Based on the results, it becomes clear just how rare a kick return for a touchdown is these days. Further, three players dominated the return game as Tyreek Hill of Kansas City (three touchdowns) along with Andre Roberts of Detroit and Marcus Sherels of Minnesota (two scores each) are the only players who found the end zone more than once last year. In 2015 four players manage this feat, and three different players accomplished this milestone in 2012-2014. Many more players (nine in 2010, six in 2009) scored before the NFL's rule change. There is at least a little bit of good news - one of these players is worthy of a draft pick this season, Tyreek Hill of the Chiefs. He is already considered a Top 50 pick, but this does boost some of his value in kick return friendly leagues such as the FPC. While his ADP is high, some of that current value may not reflect this extra boost potential. A few other players may see more chances than others on this list, so be sure to check on kick and punt returner depth charts to possibly find that extra upside in a later round pick. Looking at the table overall, there is not much point in considering anyone else for a considerable Action Scoring boost - even if a player gets an extra touchdown on the season.

PARTING THOUGHTS

Every fantasy league and its rulebook is a little different. For the FPC and the FFPC, the addition of Action Scoring may seem at first to have very little impact on the scores overall, but in certain circumstances, it can impact several players' values. Key return men that are expected to be solid picks such as Tyreek Hill should get a little bit of a boost to their overall ADP thanks to this extra touchdown (or a few) per season. Even Antonio Brown, John Brown and Odell Beckham Jr. get minimal bumps here despite many expectations that they will not be returning kicks much longer. Rest assured that if it is just before halftime or towards the end of a close game, any of these players may find himself back there to field that key kickoff or punt return.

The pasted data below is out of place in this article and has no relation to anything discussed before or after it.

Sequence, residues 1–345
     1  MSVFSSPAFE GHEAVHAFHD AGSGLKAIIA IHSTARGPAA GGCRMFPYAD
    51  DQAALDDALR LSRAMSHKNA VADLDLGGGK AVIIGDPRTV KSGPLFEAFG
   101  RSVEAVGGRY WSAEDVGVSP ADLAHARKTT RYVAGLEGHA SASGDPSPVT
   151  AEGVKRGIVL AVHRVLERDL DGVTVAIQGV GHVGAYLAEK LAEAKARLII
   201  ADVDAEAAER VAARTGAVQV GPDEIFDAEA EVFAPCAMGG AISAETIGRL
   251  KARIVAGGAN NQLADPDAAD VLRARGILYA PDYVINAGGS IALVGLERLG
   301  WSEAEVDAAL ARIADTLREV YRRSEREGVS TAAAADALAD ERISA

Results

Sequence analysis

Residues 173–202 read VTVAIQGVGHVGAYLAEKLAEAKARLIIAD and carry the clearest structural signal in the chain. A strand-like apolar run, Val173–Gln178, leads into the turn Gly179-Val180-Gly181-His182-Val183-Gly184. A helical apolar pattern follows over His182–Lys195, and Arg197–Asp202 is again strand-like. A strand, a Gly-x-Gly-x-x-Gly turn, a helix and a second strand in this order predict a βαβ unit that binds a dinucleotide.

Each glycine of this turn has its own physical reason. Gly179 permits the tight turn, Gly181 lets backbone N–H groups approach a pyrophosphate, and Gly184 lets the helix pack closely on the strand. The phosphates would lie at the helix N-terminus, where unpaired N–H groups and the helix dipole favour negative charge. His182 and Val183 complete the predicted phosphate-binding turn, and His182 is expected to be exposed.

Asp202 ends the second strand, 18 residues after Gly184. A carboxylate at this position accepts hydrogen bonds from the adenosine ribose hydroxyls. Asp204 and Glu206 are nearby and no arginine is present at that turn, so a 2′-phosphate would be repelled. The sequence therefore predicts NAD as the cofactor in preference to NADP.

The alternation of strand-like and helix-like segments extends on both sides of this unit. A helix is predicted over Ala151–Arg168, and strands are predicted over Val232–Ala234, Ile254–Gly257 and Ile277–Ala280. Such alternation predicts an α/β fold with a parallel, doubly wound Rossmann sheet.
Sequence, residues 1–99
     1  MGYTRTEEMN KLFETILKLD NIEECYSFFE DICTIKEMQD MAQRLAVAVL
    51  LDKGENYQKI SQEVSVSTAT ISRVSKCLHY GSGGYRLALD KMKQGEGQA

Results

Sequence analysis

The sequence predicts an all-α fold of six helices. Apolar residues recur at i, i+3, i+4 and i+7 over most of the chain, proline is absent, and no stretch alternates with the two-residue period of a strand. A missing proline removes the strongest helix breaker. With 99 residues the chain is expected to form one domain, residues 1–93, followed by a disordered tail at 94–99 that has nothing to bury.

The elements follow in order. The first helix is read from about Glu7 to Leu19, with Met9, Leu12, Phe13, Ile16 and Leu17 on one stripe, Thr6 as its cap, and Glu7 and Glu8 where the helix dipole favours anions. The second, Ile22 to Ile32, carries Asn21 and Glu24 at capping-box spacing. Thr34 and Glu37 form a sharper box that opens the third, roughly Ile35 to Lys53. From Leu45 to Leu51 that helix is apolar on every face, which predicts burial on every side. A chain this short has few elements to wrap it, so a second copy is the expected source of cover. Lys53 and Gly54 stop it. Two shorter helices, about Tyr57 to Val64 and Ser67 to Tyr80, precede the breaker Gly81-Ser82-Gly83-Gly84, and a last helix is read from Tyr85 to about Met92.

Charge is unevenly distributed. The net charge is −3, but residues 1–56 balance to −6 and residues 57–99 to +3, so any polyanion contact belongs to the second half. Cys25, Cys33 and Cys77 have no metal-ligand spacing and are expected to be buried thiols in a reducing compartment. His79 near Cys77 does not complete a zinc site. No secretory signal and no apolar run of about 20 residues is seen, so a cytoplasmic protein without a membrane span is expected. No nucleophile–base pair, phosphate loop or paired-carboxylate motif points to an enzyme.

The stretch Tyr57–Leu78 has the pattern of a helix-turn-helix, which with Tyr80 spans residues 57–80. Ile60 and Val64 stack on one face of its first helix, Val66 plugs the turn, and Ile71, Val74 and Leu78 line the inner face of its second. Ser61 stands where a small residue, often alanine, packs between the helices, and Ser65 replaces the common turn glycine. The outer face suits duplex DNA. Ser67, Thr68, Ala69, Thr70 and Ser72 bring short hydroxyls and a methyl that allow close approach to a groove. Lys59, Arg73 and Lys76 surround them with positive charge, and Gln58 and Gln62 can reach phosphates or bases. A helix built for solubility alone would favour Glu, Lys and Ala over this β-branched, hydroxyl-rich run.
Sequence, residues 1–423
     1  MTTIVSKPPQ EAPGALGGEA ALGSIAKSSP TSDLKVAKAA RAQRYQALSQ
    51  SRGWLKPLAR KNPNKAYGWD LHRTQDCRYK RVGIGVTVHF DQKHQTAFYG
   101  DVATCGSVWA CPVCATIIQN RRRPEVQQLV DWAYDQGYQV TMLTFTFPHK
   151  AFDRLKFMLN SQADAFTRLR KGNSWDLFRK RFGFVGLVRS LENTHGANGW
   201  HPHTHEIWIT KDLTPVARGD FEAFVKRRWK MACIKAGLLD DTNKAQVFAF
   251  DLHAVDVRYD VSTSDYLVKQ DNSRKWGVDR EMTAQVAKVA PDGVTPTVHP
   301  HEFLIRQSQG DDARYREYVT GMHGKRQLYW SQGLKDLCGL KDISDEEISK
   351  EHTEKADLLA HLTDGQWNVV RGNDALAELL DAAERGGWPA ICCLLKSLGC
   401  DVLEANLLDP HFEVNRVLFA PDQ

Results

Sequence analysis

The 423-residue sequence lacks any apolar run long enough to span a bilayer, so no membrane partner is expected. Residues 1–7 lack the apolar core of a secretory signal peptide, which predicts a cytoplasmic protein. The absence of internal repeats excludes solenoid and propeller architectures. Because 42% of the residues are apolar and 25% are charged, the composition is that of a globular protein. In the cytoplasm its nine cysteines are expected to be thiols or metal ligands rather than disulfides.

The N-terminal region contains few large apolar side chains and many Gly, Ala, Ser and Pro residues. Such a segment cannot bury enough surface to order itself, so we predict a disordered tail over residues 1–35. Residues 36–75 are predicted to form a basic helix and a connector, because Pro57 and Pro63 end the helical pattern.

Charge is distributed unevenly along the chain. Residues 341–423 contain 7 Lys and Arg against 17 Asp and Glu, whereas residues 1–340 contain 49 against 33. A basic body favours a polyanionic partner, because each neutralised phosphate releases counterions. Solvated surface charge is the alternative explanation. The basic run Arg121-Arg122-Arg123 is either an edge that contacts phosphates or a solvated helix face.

The tricky part of evaluating the rest of the kick returners comes after these first four or five guys are off the board. Marquise Lee and Darren Sproles are decent backups, but can they really be relied upon as spot starters? They are certainly worth drafting and if injuries or bye weeks hit, and their clutch performances may give lucky owners an advantage in just the right week thanks to the Action Scoring added value. While they are not worthy of big bumps up the draft board, their added value as return men with a history of touchdowns should be a nice tiebreaker if someone is deciding between Lee, Sproles or another running back or wide receiver.

The last comment is more of a warning - do not be surprised if a few of these players see fewer kick return chances as they develop into regular offensive starters. Antonio Brown and Tyreek Hill are both likely to be replaced by depth players to give them both a rest and less chance of getting hurt. Keep that in mind if you are factoring in kick return value to a particular player. Turnover at both kick return spots can be quite high.

It takes a little time to get your mind wrapped around a new contest with a new set of rules, but the time spent is often well worth it if the goal is to field a competitive team. Giving a little bit of effort to get a greater understanding of the twists and turns to the rulebook can give turn a good fantasy player into a great one and a great player into a dominant force. Knowledge is power - so be as powerful as you can!

Questions, suggestions, and comments are always welcome to pasquino@footballguys.com.